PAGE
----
Early 20th century was a high point for terra cotta in American architecture, with the work of Louis Sullivan, Cass Gilbert and others unlocking a degree of creativity with ornamentation and handmade detail. Famous structures such as the Woolworth Building, the Potter Building, and the Wrigley Building, and more prosaic streetscapes such as Chicago’s Terracotta Row, were adorned in the colored, baked clay, with builders favoring the fireproof, mass-manufactured tiles.
Today’s terra cotta—milled, extruded and machine-pressed through dies and hung on sunscreens or rainscreens in a modular fashion that requires thinner and less weighty pieces of baked clay—means it can be molded, colored and glazed in an expanding variety of creative shapes and colors, with firms like Shildan and Boston Valley Terra Cotta specializing in custom shapes and molding. The curved exterior of the MAAT Museum of London, designed by London’s AL_A, speaks to the visual potential of terra cotta, while Tykeson Hall at the University of Oregon by Office 52 Architecture features an exterior array of vibrant pastel plates that mimick the sunset skyline.
Thomas Schultz, an associate at The Architectural Team in Massachusetts who used terra cotta for the exterior of the 100 Shawmut condo building in Boston, says designers can also use terra cotta panels that are essentially a half tile and not a full depth extrusion, saving cost and making it more practical to support on larger building facades. It’s also more sustainable than metal-and-glass facade systems (though the ultimate impact, of lack thereof, can vary considerably due to how far the material is shipped and the energy used to power the kilns).
Much of the modern reappraisal and resurgence of terra cotta can be traced back to architect Thomas Herzog who, as a professor in Germany in the ‘80s, conceived of a system to hang terra cotta panels that was first used in 1985. Roughly a decade later, Renzo Piano’s work on the masterplan for Potsdamer Platz in Berlin in 1994, which included striking terra cotta facades, pushed the concept forward in a much-publicized fashion and, according to Corner, catalyzed substantial advances in manufacturing technology. Slowly but surely, the concept spread and became embraced by more and more architects.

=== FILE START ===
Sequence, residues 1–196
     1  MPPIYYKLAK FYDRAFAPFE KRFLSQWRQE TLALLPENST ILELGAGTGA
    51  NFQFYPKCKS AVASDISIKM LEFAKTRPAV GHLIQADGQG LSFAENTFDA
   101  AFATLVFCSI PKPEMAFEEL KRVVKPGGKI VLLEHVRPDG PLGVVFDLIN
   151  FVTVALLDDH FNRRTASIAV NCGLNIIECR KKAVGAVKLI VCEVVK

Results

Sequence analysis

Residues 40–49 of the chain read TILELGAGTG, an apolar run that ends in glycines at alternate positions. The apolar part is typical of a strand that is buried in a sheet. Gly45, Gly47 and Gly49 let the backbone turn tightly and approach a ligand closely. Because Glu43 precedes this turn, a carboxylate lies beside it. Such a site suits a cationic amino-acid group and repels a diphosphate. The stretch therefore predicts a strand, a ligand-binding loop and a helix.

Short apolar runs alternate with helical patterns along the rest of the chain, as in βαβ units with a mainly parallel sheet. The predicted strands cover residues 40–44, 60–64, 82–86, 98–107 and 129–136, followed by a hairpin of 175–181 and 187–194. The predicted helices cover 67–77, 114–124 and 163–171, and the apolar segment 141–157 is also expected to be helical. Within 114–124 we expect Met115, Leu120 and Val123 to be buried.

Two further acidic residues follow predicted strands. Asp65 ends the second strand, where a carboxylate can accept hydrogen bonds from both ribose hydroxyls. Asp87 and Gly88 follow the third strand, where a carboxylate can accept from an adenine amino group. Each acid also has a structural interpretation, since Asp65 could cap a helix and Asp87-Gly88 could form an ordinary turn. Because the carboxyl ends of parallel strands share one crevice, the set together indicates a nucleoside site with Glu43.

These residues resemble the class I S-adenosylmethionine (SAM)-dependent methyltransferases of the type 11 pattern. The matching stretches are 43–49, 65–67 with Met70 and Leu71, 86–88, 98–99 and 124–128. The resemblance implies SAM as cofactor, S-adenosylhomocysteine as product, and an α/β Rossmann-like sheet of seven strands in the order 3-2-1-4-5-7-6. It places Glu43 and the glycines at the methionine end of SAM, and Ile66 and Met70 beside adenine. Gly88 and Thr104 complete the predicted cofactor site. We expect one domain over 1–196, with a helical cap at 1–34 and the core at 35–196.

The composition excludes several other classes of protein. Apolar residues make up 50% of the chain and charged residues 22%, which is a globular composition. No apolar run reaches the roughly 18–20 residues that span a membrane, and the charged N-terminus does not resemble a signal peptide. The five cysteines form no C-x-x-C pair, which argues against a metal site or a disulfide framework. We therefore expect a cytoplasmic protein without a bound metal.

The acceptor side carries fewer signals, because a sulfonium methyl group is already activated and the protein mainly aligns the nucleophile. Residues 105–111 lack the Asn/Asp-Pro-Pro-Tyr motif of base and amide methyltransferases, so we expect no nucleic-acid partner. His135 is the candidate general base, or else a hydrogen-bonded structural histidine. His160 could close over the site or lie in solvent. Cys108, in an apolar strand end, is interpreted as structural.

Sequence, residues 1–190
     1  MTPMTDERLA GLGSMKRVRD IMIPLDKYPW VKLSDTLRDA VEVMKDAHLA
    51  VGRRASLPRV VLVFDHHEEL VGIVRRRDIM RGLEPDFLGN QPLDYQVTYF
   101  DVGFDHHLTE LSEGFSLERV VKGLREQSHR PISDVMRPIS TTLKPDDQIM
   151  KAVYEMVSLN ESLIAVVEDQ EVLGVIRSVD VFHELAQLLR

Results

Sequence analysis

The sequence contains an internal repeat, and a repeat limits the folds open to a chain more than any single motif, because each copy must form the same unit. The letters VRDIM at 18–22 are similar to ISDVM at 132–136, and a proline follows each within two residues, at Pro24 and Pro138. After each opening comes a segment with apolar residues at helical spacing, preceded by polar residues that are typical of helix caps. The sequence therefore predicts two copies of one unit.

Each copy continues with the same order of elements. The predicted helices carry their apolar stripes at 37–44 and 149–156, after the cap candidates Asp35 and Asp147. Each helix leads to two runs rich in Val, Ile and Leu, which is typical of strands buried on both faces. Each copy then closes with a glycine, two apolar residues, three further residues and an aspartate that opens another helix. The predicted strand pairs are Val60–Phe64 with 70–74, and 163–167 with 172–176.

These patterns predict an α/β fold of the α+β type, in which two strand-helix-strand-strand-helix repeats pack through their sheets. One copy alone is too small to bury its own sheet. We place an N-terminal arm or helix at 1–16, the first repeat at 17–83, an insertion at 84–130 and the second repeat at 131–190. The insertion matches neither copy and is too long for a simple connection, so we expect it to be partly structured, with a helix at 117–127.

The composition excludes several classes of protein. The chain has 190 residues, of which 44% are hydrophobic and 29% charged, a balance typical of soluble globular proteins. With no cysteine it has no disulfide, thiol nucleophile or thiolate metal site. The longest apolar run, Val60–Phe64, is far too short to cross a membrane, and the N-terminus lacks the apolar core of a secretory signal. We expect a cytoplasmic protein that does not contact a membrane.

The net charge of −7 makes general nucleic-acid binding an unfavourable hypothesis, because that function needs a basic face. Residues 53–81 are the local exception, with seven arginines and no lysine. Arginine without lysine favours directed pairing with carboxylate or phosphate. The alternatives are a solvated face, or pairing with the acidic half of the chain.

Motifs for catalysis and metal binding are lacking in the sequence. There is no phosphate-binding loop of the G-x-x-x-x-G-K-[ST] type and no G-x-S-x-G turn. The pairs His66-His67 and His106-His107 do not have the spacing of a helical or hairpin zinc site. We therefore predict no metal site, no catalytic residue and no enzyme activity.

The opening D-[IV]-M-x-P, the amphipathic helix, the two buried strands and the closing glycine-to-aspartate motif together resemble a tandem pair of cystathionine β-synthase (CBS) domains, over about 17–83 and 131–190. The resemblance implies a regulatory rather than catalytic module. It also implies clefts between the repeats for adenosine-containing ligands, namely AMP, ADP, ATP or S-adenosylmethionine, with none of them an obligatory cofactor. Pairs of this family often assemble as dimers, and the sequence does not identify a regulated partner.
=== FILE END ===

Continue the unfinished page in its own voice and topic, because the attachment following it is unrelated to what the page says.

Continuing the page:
Shildan, based in New Jersey, was founded in 1998 by Moshe Steinmetz to import German-made terra cotta facades for U.S. buildings. It was slow going until a handful of high-profile projects, such as Kohn Pedersen Fox’s design of the Stephen M. Ross School of Business building at the University of Michigan, clad in terra cotta and finished in 2015, began making the system and material more well-known.
Steinmetz says the production process is much cleaner than one may assume. Agricultural land is lifted so the clay underneath can be extracted, and then set down once again. The raw clay is then taken to a factory where it is extruded through dies, shaped almost like Play-doh, and then heated, colored, and glazed. Making standard shapes has become so automated that the first human hand to touch a tile does so at the job site; machines make, finish, and package the pieces on the factory floor. Demand has been rapidly growing, and Steinmetz sees it doubling in the next few years, especially for more custom designs.
As terra cotta becomes more widely used for new commercial and residential buildings, its qualities are becoming more apparent to real estate developers and other industry players. Insurance companies are pushing fire-resistant materials, especially after London’s Grenfell Fire, while institutional clients like the low maintenance costs and ease of upkeep.
“It’s fired earth, right?” says Rocky Berg, principal at Three Living Architecture in Dallas. “Think about the terra cotta warriors found in China. It’s a really old idea, and we’ve only gotten better by adding oxides to make it stronger.”
It’s that durability, and the projection of durability, that has made it a much easier sell for new projects (a nearly 330-foot-tall timber tower planned for a city in Switzerland will boast terra cotta facades). It’s often as simple as finding an example right down the block.
“You have to understand that it is actually a very durable and reliable option,” says Cooper. “We can simply point to a 100-year-old building next door, and look at the terra cotta still standing.”